« Back | Home | Next »

 

Atonement in Narrative Context

[Theology - Soteriology | Link | Print]

If we understand the cross and resurrection as the climactic events of the gospel narratives, what do they mean? In asking this question, I am not at all casting doubt on traditional satisfaction theories of the atonement, which are amply justified in both OT and NT. The atonement is "objective," that is, directed God-ward.

My question is, How do these events form to the conclusion to the specific story being told about Jesus in the gospels? Here are a couple of suggestions, both of which have important ecclesiological implications:

1) Jesus dies and rises as part of His combat with the Jewish leaders. His provocative action in the temple brought the conflict with Jewish leaders to a climax, by concentrating central attention on the issue of authority: Who has the authority to teach in the temple and direct the future of Israel. In rage at Jesus, the chief priests and scribes put Him to death, with the people joining in. But once Jesus is raised, and especially after Pentecost, it becomes evident that the Jewish leaders had crucified the Lord of glory. The leaders lose their divine legitimation, and the apostles are designated by the Spirit as the leaders of the true Israel. This only increases their rage at Jesus and His followers, and they strike out at the church, but this only further damages their own standing with the people. In this way (and in many others), Jesus' death and resurrection forms a new Israel and fulfills the promise of the prophets by setting a faithful Shepherd, and faithful undershepherds, over the people of Israel.

2) Jesus dies and rises again for His disciples. "Given for you" certainly means "given for all the people of God throughout the ages," but in the context of the gospel, it means also, specifically, given for the disciples. The Jewish leaders are bearing down on Jesus, and the disciples are cowed by the pressure (cf. Peter's denials, for instance; and Jesus' statement that Satan is trying to sift the disciples, separate and divide them). When the Jewish leaders strike, the disciples scatter, and Jesus is left alone to take their full wrath. He lets the disciples get away, and takes their place before the Sanhedrin and Pilate. He is put to death alone; his disciples are spectators. But the Father accepts His faithful sacrifice, and raises Him from the dead, which leads to the reconstitution of the 12 (the meals after the resurrection; the choosing of a 12th to replace Judas in Acts 1). With this proof that God approved Jesus, and especially with the outpouring of the Spirit, the 12 become the leaders and foundation stones for a renewed people of God. Thus, Jesus' death and resurrection forms the leadership of a new Israel.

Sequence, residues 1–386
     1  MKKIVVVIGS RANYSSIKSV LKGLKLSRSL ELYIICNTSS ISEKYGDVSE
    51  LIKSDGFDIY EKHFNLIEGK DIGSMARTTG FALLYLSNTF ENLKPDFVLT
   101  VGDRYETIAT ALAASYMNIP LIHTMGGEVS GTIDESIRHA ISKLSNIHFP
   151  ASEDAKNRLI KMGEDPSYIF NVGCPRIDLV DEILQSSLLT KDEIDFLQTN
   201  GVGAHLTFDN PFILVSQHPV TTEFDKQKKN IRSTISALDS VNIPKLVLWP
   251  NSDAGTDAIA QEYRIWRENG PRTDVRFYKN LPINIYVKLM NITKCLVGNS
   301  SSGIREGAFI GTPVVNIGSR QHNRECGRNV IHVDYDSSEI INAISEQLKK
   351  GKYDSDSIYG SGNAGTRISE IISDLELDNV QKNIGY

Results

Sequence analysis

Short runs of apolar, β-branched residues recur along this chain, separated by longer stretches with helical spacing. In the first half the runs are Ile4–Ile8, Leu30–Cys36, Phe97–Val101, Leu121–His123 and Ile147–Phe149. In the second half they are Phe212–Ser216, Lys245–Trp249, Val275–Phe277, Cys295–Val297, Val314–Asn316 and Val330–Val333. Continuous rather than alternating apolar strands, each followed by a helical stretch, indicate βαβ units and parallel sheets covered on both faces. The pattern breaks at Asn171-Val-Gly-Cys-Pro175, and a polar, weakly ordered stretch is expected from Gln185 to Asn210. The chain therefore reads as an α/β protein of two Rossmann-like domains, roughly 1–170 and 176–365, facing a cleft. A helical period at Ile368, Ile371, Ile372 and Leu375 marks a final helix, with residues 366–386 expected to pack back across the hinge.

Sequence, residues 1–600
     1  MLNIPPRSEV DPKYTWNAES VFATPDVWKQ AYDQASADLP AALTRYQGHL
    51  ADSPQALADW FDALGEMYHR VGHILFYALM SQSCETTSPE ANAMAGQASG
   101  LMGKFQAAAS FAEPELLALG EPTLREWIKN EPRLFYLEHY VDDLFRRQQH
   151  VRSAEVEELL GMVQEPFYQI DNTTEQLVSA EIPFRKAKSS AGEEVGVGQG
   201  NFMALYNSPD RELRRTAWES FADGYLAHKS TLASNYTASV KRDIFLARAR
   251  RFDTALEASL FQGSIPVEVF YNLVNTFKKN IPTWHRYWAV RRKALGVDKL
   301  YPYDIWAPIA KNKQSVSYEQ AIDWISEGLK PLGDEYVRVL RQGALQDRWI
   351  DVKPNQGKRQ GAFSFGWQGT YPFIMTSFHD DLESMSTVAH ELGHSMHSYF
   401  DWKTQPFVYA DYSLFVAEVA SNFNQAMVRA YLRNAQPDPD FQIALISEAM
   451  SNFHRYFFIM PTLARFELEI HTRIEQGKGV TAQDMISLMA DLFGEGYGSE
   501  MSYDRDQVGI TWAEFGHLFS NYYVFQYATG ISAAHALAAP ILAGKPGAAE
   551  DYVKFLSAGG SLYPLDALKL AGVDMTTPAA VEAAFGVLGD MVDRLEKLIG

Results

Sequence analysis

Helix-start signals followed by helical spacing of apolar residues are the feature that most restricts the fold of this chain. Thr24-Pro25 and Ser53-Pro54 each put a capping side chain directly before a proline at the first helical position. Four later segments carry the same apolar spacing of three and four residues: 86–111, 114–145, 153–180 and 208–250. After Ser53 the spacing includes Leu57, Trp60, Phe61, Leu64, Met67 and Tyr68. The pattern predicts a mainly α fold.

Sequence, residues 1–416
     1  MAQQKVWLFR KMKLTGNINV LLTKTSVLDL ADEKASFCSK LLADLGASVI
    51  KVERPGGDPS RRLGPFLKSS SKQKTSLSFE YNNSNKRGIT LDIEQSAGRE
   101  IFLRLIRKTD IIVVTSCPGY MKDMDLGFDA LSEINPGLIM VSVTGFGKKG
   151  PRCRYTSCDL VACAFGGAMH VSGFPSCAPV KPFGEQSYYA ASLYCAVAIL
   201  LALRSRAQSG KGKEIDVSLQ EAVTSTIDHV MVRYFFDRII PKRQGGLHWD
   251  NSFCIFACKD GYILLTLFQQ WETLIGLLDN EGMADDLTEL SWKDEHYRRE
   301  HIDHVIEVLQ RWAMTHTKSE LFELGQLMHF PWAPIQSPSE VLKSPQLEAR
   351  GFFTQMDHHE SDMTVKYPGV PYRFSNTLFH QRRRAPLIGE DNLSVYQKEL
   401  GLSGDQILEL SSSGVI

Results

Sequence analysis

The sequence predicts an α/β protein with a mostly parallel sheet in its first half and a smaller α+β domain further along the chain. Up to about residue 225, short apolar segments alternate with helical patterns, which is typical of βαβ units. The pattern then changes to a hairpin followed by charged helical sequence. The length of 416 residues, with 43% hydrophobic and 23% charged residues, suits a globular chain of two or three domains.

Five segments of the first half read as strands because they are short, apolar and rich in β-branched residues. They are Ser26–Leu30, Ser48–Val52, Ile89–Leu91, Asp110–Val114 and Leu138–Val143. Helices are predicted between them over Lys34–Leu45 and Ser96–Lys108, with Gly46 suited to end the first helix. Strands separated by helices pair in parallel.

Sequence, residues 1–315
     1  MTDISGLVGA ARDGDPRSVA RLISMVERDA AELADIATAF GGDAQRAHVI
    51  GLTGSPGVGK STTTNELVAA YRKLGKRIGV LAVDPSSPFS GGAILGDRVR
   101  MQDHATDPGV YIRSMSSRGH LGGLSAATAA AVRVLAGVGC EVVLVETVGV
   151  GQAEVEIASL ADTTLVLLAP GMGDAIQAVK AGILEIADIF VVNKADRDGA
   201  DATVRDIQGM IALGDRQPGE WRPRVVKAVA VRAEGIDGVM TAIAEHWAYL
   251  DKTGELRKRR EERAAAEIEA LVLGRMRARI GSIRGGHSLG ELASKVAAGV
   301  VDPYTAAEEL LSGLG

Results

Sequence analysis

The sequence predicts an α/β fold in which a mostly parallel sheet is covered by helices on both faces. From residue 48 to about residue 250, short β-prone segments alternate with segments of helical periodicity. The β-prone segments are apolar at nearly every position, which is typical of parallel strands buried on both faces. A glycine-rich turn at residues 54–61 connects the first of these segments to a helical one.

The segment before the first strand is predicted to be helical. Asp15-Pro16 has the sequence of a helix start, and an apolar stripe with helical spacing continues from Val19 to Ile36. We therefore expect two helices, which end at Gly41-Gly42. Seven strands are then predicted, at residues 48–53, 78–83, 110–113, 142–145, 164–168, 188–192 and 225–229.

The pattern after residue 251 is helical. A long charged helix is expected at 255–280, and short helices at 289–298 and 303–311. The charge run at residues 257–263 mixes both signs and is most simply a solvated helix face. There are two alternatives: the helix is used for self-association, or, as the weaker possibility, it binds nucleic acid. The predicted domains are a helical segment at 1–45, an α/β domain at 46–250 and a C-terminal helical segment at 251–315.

posted by Peter J. Leithart on Saturday, March 20, 2004 at 05:38 PM

Go home!

RECENT ENTRIES
- Celebrity
- Obama's faith
- The Gaze
- Sacrifice and death
- Derrida the theologian
- Miriam's leprosy
- Prematurely white
- Gift of the Text
- Calvin, Milbank, and Gifts
- Derrida on Gifts
- Ontology of Personhood
- Knowing God Twice
- Unity or Revelation
- Engaging Barth
- Eucharistic exhortation
- Exhortation
- Unread books
- Vestiges of Perichoresis
- Hooray for Hollywood
- Augustine on the web
CATEGORY ARCHIVES
LINKS
- Biblical Horizons
- Covenant Worldview Institute
- Theologia
SYNDICATE

XML  |   RDF

CONTACT

Comments:
leithart@leithart.com

Problems:
webmaster@leithart.com